On the outside looking in, the two most famous editions of Fleetwood Mac — Peter Green’s blues-based era, and the Buckingham-Nicks pop period — couldn’t be more different. Not to Mick Fleetwood.
The drummer, along with bassist John McVie, has been part of every different variant of this group since its inception in 1967. So, he’s had an on-stage vantage point as it grew out of a passion for roots music shared by Green and second guitarist Jeremy Spencer into a chart-topping supernova by the mid-1970s.
Along the way, there have been memorable times where the band was led by Bob Welch, and periods without either Buckingham or Nicks.
But one thing held true, even if the group’s relationship-averse Rumours era will always be the most well known: A sense of passion.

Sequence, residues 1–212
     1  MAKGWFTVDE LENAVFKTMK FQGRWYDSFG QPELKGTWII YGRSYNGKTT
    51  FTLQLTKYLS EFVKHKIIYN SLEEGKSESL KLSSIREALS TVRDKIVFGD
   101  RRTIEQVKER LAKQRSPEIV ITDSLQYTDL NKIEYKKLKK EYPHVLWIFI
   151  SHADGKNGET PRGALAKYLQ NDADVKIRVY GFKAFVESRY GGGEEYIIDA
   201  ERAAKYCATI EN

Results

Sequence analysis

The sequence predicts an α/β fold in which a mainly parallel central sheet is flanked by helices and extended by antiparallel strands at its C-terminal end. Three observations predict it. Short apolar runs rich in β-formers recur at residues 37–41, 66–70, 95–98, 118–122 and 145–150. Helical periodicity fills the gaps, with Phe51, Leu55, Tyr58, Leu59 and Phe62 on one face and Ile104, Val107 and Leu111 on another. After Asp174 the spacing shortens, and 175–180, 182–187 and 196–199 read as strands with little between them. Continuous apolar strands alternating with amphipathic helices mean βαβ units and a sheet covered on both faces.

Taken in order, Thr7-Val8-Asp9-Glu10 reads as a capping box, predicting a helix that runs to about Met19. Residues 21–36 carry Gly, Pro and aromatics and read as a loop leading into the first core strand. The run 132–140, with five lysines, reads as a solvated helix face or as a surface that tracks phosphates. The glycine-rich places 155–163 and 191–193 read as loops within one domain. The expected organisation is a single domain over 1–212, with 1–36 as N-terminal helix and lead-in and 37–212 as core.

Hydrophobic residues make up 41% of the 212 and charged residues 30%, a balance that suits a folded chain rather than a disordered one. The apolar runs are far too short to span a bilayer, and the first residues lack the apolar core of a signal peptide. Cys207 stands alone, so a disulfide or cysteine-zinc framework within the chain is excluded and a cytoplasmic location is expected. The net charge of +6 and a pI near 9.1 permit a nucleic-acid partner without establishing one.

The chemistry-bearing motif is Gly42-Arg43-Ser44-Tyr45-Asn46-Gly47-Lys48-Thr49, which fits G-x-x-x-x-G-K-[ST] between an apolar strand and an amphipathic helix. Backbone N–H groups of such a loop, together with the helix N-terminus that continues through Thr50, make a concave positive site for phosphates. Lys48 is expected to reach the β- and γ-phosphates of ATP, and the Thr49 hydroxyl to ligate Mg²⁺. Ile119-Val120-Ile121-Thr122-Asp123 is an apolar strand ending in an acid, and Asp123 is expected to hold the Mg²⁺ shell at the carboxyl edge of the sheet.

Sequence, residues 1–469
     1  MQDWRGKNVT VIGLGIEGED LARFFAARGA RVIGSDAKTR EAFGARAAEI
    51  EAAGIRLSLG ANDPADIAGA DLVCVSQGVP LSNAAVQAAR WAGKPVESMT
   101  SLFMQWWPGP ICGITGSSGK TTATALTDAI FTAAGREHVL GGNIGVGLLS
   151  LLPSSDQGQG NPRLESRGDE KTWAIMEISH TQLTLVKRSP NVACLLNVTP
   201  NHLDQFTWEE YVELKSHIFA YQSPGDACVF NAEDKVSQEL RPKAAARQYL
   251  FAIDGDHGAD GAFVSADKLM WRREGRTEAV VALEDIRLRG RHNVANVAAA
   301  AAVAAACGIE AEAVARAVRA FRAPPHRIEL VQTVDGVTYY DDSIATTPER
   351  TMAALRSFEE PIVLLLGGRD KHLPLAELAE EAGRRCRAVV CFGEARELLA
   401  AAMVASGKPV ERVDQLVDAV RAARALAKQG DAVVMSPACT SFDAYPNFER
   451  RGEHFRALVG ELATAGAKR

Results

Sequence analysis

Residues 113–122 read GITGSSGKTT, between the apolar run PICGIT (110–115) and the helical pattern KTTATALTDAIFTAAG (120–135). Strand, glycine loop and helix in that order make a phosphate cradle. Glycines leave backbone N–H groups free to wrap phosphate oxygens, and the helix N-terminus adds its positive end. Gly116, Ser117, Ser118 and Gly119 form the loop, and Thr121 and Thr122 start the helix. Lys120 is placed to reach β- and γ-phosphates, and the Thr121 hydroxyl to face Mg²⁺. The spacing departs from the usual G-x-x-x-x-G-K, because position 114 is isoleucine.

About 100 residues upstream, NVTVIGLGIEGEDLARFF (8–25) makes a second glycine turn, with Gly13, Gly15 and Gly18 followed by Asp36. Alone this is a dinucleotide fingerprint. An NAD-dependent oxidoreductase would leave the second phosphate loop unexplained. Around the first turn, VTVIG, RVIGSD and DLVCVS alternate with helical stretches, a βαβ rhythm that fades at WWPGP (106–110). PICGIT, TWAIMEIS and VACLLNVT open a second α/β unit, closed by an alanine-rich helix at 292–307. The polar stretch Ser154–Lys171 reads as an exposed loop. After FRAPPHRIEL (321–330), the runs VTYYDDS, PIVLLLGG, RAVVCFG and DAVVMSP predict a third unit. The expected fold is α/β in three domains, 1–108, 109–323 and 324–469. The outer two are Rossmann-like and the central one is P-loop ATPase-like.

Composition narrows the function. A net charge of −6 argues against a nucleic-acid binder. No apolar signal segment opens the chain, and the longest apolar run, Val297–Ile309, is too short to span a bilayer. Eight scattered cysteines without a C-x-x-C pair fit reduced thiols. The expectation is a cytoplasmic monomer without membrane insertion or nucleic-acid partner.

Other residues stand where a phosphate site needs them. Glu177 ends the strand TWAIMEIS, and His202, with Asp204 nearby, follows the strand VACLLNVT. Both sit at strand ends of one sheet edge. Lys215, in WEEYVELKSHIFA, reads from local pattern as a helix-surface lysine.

“It was all about emotions,” Fleetwood tells Korn Ferry, “and it still is. With this band, you know the story — and it’s still unfolding. It’s not just the music, it’s all about in here (gestures toward his torso), and the right of it and the wrong of it. And it’s very much a human story.”
Fleetwood Mac continues today, with Buckingham, Fleetwood, Nicks and McVie — though Christine McVie (who departed in the late 1990s) has been talking about a reunion. The band is on a brief hiatus while her ex-husband John McVie is undergoing cancer treatment.
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